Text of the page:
INLAND EMPIRE: Laura Dern in a dazzling cinematic fugue.
Given the past year’s headlines, it can’t come as a surprise that some of the best films of 2006 had an edge of darkness to them. (Not that I’d rank it one of the best, but is it any wonder that a film called Apocalypto took first place at the box office its opening weekend?) Thus my Top 10 this year might appear even bleaker than usual. The films run the gamut from individual insanity (Inland Empire) to universal extinction (Children of Men). I did enjoy the postmodern high jinks of Tristram Shandy and indulge in the redemptive fantasy of Superman Returns. Otherwise, it seems a case of tough times making for great cinema.
| Here’s something you can watch over and over until the next David Lynch film comes out and never plumb its depths. Or is it all surface? As with Mulholland Drive, the initial premise involves an actress — Laura Dern in perhaps the best performance of the year — seeking a role. That bare plot line doesn’t last long as the story doubles back on itself at least three times and the characters (most of them played by Dern) shed and regrow identities. By the end, all sense of “before” and “after” has been replaced by a dazzling cinematic fugue.
The Death of Mr. Lazarescu
| Retired engineer Dante Remus Lazarescu (his brother-in-law’s name is Virgil) wakes up feeling under the weather; from there he descends through the circles of the Romanian health-care inferno, as an ambulance takes him to a series of hospitals where he is treated with contempt, annoyance, and indifference but also compassion. Cristi Puiu applies Frederick Wiseman’s style to a Kafka-esque parable and triumphantly turns the banal into the mythic.
Tristram Shandy: A Cock and Bull Story
| For a refuge from the contemporary nightmare of his The Road to Guantánamo Michael Winterbottom turned to Laurence Sterne’s sui generis, allegedly unfilmable 18th-century novel. The result might be the most ingenious and hilarious adaptation ever made. The novel about the impossibility of writing a novel becomes a film about the impossibility of making a film, with Steve Coogan archly tragic as both the hero who finds it difficult to get born and the actor who plays him.
| Every tragedy reaches a point where mourning turns to kitsch. For Princess Di, this fate came quickly. As the piles of flowers grew around Buckingham Palace after her death, it marked the end of genuine grief and the triumph of self-indulgence. Not so for Queen Elizabeth II, who held out for royal detachment and dignity until it was too late to defrost her image. In Stephen Frears’s meticulous account, Helen Mirren gives HRH her due, proving that sometimes taste is more important than popularity or power.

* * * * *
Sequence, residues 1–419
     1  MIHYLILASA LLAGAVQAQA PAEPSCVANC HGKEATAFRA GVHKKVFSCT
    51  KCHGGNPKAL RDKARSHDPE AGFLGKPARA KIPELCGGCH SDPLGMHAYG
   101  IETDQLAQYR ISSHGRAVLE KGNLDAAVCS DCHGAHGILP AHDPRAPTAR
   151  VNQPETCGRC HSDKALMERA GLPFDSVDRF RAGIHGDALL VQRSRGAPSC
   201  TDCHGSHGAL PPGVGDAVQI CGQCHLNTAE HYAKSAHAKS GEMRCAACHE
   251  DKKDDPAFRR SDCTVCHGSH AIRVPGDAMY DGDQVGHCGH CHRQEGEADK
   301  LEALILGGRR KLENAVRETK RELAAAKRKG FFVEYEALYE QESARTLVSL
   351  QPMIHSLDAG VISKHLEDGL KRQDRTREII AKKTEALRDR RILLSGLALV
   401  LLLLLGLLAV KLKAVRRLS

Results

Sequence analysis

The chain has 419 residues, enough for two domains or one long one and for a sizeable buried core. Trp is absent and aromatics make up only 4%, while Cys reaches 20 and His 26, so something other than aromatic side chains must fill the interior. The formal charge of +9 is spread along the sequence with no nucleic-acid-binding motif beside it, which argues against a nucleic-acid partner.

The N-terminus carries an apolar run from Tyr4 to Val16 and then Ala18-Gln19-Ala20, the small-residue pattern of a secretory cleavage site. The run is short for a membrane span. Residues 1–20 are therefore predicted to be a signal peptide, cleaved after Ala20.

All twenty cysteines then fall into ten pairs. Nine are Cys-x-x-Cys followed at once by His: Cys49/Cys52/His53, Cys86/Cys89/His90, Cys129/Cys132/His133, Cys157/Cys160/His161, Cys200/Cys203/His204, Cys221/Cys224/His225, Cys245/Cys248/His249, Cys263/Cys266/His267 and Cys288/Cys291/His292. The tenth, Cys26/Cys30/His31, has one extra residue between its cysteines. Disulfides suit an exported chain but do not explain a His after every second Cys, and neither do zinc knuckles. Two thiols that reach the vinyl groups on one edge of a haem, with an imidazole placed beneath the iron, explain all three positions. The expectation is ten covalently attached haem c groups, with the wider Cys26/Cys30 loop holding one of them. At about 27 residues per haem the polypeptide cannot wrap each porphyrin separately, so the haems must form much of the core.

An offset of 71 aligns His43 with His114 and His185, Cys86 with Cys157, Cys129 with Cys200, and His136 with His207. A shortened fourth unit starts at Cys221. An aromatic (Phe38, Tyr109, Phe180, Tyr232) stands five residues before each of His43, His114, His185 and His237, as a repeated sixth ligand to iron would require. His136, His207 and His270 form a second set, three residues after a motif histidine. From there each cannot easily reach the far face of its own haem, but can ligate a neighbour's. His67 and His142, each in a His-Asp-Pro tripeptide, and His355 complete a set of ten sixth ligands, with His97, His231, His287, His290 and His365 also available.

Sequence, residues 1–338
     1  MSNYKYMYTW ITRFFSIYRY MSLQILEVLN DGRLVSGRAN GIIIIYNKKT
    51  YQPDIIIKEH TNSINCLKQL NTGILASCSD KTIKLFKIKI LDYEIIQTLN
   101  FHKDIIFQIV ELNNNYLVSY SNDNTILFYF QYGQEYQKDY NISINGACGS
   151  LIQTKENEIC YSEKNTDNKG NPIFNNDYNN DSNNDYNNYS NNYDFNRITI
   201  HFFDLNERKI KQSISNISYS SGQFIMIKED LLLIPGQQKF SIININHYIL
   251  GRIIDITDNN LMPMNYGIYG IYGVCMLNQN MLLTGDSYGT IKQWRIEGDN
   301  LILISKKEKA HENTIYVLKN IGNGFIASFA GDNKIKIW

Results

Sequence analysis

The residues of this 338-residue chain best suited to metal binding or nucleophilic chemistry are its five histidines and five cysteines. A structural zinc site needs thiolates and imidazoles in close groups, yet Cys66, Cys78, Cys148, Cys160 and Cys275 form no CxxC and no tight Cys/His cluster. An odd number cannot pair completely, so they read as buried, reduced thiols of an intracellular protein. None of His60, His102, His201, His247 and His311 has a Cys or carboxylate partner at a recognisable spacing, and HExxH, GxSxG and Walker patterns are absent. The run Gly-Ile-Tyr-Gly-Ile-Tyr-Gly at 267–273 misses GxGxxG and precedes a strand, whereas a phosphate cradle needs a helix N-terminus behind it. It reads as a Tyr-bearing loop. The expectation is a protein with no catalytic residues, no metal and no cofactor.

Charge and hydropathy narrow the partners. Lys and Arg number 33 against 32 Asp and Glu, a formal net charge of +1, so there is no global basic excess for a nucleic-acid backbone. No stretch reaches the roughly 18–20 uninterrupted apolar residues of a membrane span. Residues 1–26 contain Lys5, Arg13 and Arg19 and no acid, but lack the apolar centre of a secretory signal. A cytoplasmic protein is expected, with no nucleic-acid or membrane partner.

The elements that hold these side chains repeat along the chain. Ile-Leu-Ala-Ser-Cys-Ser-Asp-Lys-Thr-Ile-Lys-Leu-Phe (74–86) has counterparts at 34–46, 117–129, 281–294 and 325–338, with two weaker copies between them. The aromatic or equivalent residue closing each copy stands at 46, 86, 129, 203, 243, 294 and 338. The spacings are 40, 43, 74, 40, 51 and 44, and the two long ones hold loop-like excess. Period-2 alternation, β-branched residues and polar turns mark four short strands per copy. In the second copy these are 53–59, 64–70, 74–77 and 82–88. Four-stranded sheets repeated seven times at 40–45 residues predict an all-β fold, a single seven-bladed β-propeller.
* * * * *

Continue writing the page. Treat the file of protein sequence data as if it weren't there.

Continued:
Batalla en el Cielo|Battle in Heaven
| Some might not get past the opening blow job, but for those who do, Carlos Reygadas’s hallucinatory film will offer unsettling rewards. Chauffeur Marcos and his wife have kidnapped a baby. The baby dies. So much for plot. It all takes place in a closely observed, uncomprehended world of rituals, ticking clocks, serene landscapes, mindless debauchery, bodies and faces. Reygadas is obscene in the way only the most religious filmmakers can be. He doesn’t shrink from looking, because he knows that what he sees are shadows of something beyond, an inhuman battle in Heaven.
| United 93 treads the line between catharsis and exploitation, between the manipulation of an agenda and the illusion of objectivity, and achieves the most faithful memorial to 9/11 that commercial cinema is capable of. Paul Greengrass employs real-time cinéma-vérité to re-create the confusion, the horror, and the resolve. His camera serves as a participant, thrusting you into the point of view, as much as can be imagined, of those involved. If only to honor their heroism, and inspire our own, this film must be seen.
7. El Labarinto del Fauno|Pan’s Labyrinth
| Guillermo Del Toro tells fairy tales the way they were intended, not the G-rated way — which means lots of blood, pain, death, bugs, monsters, and all of it experienced from the point of view of a tormented innocent child. Here it’s 12-year-old Ofelia, who has the misfortune to be the stepdaughter of a sadistic Fascist officer assigned to mop up Republican guerrillas in the Spanish hinterlands in 1944. Ofelia’s fantasy life is grim, though it does offer a refuge: the maze of the title, where she meets a sinister faun and learns her true identity as Princess of the Underworld. Complex, but unfolded in astounding and limpid images. (Opens in Boston January 12.)
Watch the trailer for Pan's Labyrinth (QuickTime)